POPE Francis has committed to praying for Queensland after meeting with Holy Spirit Provincial Seminary staff and seminarians in December.
Seminary rector Monsignor Tony Randazzo made a request to have 12 seminary students, two deacons, and three religious attend the Pope’s daily Mass, celebrated in the Holy Father’s private chapel at Casa Santa Marta.
The seminary group was on pilgrimage in Rome in December.
Pope Francis is known to regularly invite up to 50 people to his daily Masses, many of whom are the “little people of Rome” including cleaners, cooks or local police.
On December 23, the Queensland seminarians were among those privileged few chosen to celebrate Mass privately with Pope Francis.
It was surprise news for the seminarians who were in Vatican City as part of a pilgrimage through the Holy Land and Rome.
Officials told Monsignor Randazzo it was the first time an entire seminary had celebrated daily Mass at Casa Santa Marta with Pope Francis.
Pope Francis is the third pope that the Italian-Australian monsignor has met, but said it was “always exciting” to meet the successor of St Peter.
“There is always a grace when you meet Christ in the Eucharist, but to have the successor of Peter leading you in that encounter? I never lose that excitement,” Msgr Randazzo said.
“Imagine what it’s like for a young man in the seminary.”
Although Msgr Randazzo had known “weeks before” that he would be taking the group to have daily Mass with the Pope, he did not expect to be asked to be the principal concelebrant with Pope Francis.
“The officials ushered me in and told me I would be the principal concelebrant at the Mass,” he said.
“I thought, ‘Oh heavens above’ and was a little over-awed.”
After Mass, Pope Francis greeted each of the visitors and requested he meet the Queensland seminarians last.
He spent 15 minutes speaking with and taking individual photos with each seminarian.
Msgr Randazzo said the Pope’s way of engaging with not only the seminarians but with others who have met him, showed his high level of “pastoral intimacy”.
“When it came time for me to meet him face to face, I shook his hand and kissed his ring, and he looked at me, pointed and said, ‘I know you from somewhere’,” he said.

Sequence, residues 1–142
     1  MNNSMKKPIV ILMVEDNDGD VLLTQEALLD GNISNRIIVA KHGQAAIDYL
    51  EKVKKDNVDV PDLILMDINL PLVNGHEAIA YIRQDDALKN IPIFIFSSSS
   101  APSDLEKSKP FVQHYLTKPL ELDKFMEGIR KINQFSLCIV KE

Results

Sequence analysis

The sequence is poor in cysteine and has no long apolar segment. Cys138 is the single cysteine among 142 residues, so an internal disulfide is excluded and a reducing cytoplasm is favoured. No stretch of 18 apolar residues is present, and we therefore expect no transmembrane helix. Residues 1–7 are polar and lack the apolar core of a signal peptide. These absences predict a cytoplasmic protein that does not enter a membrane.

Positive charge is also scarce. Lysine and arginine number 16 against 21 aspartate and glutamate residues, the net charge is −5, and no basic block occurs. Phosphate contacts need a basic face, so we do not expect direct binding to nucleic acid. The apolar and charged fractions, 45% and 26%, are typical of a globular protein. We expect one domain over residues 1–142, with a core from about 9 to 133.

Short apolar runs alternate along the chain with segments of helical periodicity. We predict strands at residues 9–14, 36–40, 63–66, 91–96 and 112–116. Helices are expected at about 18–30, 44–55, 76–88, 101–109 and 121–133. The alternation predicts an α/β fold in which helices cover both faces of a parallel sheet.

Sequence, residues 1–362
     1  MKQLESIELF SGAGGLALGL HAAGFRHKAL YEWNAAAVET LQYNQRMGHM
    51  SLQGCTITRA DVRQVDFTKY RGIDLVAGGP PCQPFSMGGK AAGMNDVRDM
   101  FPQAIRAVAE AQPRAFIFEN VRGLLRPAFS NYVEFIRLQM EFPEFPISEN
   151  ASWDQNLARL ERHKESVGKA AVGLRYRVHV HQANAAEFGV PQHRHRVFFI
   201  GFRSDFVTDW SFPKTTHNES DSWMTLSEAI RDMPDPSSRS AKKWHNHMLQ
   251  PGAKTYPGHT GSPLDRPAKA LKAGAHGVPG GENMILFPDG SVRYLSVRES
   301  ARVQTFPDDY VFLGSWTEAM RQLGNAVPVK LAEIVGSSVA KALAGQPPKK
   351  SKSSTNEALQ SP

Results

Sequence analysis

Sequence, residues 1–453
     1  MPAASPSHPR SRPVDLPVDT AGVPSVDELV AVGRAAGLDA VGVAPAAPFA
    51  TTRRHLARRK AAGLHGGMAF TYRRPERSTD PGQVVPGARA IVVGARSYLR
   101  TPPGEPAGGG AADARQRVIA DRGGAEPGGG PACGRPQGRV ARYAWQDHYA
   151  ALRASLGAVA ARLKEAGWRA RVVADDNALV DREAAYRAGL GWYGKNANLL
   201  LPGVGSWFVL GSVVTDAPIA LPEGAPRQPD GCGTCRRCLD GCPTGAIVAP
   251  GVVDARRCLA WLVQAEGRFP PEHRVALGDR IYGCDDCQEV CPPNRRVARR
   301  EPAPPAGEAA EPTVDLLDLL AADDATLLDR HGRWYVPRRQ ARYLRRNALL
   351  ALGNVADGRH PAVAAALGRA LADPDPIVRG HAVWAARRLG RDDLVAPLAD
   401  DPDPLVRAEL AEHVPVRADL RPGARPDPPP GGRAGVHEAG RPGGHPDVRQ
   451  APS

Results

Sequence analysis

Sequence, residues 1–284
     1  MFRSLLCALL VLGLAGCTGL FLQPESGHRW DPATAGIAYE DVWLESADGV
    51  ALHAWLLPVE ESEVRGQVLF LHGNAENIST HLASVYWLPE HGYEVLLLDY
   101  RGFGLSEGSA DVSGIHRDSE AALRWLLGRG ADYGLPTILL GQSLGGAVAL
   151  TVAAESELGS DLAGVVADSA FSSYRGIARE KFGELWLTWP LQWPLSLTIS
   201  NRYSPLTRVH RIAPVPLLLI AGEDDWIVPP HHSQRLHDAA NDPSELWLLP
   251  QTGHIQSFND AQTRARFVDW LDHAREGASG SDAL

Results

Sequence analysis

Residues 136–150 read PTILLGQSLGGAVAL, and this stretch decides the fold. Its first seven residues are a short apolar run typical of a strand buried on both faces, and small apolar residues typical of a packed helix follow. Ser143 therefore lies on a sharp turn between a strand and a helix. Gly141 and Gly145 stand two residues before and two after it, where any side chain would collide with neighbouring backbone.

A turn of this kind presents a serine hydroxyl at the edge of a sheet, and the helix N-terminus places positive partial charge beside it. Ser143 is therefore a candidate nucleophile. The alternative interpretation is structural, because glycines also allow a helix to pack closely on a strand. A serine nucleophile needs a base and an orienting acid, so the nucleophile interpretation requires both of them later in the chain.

“I told him that I was the vice-director for the guest house where he had stayed while he was Archbishop of Buenos Aires.”
“Yes, I remember you,” Pope Francis said.
This interaction “amazed” Msgr Randazzo and he said that moment was a “wonderful model” for all priests and bishops.
“What the Pope is saying is that every person we meet is a possible relationship, a precious one, to us and to God,” he said.
“I was so inspired.”
Brisbane vocations director Fr Morgan Batt was also with the seminarians on the pilgrimage, and said Pope Francis’ presence was “magnetic”.
Fr Batt said the Pope’s request to meet with the Brisbane seminarians and deacons last among the guests communicated a deep pastoral care for vocations.
“He wanted us to go last, which said to me that he didn’t want to rush us,” Fr Batt said.
When Pope Francis eventually “wandered across” to meet the seminarians, he simply asked, “Who speaks Spanish?”
Fr Batt and another seminarian conversed with him in Spanish, which “delighted” the Pope.
He said he was “captivated” by the way the Pope was “at ease”.
“He didn’t say a lot, but his presence is magnetic,” Fr Batt said.
“He was more than just present to us, he was completely engaged.
“The overall impression was he was really enjoying meeting this group of young men from Brisbane.”
View the photo gallery below: